The people who made me came to England from Germany, Ireland, Scotland, Italy, and other places besides. My parents met in Spain, a country where I would work in my early twenties. From my first year of life, Germany and Spain were as important to our sense of family as the green fields of England.
I was born in London, that great world city, and I moved straight back there from the country when I turned eighteen. I was a student and a barista at the Soho YMCA. The people around me were from Finland, Austria, Colombia, Ireland, Brazil. I kept studying: my doctorate looked at refugees, exiles, and émigrés who came to Britain fleeing the Nazis, and from that I went on to work with asylum-seeking children.
Since then, I’ve been lucky enough to travel and work overseas. I’ve been made welcome in communities thousands of miles from where I was born, found new family, found new friends; I hope I’ve done that, in turn, for people who have come to live and work alongside me.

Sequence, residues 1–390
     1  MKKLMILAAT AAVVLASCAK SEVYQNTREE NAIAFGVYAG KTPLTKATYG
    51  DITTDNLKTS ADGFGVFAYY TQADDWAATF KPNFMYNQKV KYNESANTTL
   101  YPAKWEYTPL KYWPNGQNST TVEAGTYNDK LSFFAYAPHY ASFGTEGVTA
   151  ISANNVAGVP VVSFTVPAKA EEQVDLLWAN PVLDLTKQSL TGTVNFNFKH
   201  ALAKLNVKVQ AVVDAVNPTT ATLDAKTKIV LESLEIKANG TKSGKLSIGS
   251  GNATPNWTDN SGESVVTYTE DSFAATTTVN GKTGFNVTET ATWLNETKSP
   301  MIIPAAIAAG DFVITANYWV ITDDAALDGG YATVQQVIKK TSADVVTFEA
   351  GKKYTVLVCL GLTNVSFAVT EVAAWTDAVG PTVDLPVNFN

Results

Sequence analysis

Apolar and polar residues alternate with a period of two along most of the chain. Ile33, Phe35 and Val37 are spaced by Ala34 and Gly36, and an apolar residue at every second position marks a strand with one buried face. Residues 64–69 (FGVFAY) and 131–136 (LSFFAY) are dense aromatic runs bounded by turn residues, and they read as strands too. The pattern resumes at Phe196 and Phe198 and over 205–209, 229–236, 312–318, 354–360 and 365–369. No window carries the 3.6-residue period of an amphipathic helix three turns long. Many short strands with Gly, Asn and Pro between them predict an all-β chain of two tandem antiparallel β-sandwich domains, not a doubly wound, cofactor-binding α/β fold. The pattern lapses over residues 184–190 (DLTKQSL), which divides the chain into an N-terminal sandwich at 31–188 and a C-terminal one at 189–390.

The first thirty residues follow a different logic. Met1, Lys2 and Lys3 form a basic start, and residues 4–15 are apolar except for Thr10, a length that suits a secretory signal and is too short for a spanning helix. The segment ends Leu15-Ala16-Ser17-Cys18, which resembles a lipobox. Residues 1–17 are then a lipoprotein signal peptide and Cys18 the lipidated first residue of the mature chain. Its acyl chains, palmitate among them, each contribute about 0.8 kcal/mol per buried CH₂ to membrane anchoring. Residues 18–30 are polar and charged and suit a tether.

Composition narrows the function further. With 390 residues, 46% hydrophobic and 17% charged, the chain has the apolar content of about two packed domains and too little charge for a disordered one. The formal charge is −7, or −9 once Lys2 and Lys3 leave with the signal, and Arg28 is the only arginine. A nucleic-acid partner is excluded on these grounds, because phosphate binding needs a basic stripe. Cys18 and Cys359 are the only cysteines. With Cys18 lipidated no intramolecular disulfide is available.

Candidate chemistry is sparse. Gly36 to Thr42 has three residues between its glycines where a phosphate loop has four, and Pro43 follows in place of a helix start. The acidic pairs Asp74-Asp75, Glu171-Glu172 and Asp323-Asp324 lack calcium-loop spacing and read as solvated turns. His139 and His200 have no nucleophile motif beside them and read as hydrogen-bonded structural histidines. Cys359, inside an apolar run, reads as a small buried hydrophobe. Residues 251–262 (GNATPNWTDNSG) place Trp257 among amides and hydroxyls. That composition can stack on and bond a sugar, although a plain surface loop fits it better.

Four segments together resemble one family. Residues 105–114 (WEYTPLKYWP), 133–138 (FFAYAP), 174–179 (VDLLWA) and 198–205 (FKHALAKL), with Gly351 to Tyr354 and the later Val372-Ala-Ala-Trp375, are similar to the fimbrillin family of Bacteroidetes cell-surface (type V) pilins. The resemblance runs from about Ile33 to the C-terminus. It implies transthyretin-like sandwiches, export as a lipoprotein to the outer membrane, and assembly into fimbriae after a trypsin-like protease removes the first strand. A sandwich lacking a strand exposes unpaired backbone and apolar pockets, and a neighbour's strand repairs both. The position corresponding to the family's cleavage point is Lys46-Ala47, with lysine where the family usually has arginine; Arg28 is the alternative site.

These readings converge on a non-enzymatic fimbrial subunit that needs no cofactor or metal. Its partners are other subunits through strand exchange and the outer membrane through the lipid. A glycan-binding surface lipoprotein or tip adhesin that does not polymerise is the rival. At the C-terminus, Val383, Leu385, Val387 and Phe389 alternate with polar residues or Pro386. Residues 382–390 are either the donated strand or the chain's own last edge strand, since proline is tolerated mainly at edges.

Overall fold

It wasn’t so much a choice as a vocation. Everything in my life has involved crossing seas, crossing borders. So much of who I am is founded on a sense that our lives and identities are about routes more than origins; time more than territory. That freedom of movement is vital.
This week’s Marvellous, Electrical finds hope and horror and secret identities in an ordinary-looking Queensland cafe.